ADVICE was on offer to people thinking of launching their own business when the StartUp Britain bus came to Bournemouth.

The campaign to support entrepreneurs published research suggesting there were 1,239 businesses formed in the first six months of 2016, compared with 1,919 in the whole of 2015.

The figure was in line with a nationwide increase.

A 1966 Routemaster bus parked in Bournemouth Square for local entrepreneurs to join with business advisers to offer support and inspiration.

Kosta Mavroulakis, campaigns manager for StartUp Britain, has been on tour with the bus. He moved to Bournemouth last year to start his business Empact Ventures, based in co-working space.

"The UK continues to retain its position as one of the best entrepreneurial ecosystems to start and grow a business, with Bournemouth having something for everyone," he said.

"Having recently moved to Bournemouth, I've seen firsthand the support that the local ecosystem is giving to entrepreneurs from its vibrant meetups like Bournemouth Startups or She Says Bournemouth, events like Silicon Beach run by Think Create Do, award programmes like the Venus Awards, co-working spaces like Box 44 and many more.

"The local businesses are also ever so supportive through local champions like Bournemouth Borough Council and Silicon South, digital/creative agencies like We Are Base and Rarely Impossible, tech startups like BudiPay, local law firms like Laceys Solicitors and many others such as JemmaCo Beautycare, KitBrix, Inferno Media, and Hey Create."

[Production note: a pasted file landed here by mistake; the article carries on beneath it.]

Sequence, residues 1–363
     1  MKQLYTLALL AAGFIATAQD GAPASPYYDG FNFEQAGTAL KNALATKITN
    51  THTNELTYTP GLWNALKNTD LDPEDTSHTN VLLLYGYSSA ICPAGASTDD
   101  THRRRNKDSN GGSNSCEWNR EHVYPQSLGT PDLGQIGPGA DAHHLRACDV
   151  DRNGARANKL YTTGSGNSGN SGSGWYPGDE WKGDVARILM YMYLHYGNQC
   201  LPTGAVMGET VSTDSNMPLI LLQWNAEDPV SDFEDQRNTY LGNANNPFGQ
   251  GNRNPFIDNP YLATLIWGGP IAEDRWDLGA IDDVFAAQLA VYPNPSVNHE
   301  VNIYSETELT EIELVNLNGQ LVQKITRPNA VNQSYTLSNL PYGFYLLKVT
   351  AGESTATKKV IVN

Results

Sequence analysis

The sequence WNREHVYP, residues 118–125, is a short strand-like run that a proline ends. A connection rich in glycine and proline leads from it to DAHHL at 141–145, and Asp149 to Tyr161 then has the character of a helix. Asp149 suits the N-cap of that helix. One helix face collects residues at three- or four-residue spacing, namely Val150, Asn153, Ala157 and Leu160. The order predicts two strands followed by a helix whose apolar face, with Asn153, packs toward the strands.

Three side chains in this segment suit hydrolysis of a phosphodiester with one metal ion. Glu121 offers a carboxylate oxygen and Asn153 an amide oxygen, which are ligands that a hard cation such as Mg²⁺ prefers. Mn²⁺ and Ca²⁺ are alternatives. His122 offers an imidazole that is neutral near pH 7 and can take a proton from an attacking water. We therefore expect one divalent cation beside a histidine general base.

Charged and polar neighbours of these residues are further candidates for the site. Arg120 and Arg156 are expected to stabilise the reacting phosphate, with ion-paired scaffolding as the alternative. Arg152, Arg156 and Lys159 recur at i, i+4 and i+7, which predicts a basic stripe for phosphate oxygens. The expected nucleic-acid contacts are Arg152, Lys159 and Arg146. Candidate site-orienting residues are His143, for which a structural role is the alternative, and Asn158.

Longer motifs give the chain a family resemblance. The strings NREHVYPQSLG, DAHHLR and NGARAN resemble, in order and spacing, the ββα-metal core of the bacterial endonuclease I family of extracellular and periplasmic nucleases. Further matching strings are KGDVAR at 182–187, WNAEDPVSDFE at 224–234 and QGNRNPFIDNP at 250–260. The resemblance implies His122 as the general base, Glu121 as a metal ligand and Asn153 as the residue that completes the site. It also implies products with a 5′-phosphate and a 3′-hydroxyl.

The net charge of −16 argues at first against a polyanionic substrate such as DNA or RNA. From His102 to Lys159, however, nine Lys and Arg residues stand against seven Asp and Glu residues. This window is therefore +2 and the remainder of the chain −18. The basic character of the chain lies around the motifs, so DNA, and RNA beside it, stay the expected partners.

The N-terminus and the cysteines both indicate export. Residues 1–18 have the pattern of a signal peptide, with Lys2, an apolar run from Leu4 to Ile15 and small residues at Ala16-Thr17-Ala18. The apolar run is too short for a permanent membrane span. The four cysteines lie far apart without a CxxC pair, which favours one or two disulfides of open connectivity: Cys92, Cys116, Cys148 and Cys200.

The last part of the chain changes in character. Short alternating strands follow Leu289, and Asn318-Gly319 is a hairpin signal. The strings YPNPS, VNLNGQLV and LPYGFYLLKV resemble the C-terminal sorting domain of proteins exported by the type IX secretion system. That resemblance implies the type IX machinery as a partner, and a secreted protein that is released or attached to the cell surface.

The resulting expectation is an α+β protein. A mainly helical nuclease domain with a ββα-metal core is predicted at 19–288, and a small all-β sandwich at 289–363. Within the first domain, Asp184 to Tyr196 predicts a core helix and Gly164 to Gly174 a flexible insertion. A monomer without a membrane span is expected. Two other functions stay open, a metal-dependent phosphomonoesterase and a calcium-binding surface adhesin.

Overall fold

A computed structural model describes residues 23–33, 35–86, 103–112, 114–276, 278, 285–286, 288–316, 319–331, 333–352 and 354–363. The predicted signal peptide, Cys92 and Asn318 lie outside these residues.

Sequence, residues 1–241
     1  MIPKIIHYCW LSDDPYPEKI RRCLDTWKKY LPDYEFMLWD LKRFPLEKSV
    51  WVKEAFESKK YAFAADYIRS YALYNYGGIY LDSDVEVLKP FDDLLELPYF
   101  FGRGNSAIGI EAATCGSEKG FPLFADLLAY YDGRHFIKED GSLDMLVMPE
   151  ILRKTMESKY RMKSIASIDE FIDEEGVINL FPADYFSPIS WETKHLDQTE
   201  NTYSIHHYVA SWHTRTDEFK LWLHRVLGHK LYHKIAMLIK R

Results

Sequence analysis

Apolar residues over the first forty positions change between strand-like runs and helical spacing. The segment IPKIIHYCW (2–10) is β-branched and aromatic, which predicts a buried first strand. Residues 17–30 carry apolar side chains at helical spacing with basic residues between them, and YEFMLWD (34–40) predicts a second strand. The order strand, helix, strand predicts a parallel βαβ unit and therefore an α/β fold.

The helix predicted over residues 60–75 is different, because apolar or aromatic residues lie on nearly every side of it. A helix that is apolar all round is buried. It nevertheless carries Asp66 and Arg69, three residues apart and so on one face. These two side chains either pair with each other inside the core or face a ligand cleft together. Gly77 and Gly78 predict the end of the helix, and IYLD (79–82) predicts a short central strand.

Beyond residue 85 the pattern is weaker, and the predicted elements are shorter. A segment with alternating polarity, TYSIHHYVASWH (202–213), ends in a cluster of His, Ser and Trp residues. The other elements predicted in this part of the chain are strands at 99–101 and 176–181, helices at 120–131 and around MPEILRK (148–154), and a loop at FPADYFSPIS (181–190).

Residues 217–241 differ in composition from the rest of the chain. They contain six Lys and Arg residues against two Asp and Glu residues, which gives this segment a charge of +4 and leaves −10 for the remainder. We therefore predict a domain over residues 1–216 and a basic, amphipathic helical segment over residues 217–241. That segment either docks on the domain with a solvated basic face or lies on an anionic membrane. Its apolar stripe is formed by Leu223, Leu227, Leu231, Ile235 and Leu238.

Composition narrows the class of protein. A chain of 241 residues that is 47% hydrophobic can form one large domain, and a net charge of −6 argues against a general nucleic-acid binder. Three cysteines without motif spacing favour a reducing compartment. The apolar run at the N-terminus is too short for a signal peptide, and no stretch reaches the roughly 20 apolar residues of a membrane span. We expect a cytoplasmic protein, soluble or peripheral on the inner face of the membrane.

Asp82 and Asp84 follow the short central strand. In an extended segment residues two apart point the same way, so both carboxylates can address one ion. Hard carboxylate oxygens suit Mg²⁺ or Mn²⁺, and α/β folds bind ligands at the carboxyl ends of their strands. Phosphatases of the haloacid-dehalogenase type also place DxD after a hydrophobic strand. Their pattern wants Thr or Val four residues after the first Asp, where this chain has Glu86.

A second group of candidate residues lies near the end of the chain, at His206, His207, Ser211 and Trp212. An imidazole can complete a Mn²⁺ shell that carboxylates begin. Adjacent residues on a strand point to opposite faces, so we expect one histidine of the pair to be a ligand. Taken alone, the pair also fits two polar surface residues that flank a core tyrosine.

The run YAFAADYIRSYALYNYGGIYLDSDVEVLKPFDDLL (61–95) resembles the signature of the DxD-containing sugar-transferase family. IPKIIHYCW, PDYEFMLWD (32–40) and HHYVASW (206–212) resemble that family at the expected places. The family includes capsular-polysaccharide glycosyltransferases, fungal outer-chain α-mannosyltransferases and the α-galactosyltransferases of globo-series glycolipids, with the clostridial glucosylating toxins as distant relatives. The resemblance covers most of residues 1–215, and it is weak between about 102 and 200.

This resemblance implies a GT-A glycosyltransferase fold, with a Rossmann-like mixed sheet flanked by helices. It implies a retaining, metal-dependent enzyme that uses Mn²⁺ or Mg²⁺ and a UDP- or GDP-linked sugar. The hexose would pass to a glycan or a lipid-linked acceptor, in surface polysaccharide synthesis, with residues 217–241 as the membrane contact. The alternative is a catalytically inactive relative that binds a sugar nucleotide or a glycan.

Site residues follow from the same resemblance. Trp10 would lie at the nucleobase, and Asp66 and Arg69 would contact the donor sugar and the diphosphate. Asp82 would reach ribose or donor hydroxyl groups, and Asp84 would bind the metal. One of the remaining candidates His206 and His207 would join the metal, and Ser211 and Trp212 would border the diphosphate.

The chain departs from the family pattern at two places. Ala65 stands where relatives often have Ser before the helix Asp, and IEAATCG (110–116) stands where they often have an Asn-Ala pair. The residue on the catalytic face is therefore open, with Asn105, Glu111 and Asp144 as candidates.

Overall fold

Ryan England, CEO of British Software Development in Bournemouth, said of the event: “It’s about bringing people out that otherwise wouldn’t take the plunge and risk starting something. Actually it’s not that big a deal. The risks aren’t that massive.

“A lot of people have an exaggerated view of how complex running a company is. You can get it off the ground very quickly.”

Olly Whittle, CEO of payment app BudiPay, said: “It’s about giving people the confidence to start their own business and try and demonstrate that with small steps, you can build a successful business and pursue some good ideas or ambition.”

Lisa Dawn set up Hey Create, a laser cutting, engraving and 3D printing business.

“I was going to college to do 3D design but when I got there I found out about the model-making course at Arts University Bournemouth. I met my partner and we decided to buy a laser cutter,” she said.

The business has moved to co-working space at the Factory, on Alder Hills, and bought a second laser cutter.

Mitchell Stuart told how he set up social media agency Inferno at the age of 17. “I’ve got four GCSEs and never been to university,” he said.

“You’re never too young to start a business.

“It’s just about giving it a go. Every business owner fails at some point in their life. The average successful CEO fails 4-5 times.”

Tom Quay is MD of the app development company We Are Base in Westbourne, whose work includes the Yellow Buses ticketing app.

“There’s a lot of movement towards tech. This area’s really known for its digital culture,” he said.

Samantha Acton, whose cleaning business Domestic Angels is being turned into a franchise, took part in a gathering of 30 businesswomen on the bus.

“Women and men suffer from confidence issues whether they’re entrepreneurs or whether they’re employed,” she said.

“It’s really important that there’s a variety of support out there for people to use so they can find their feet.”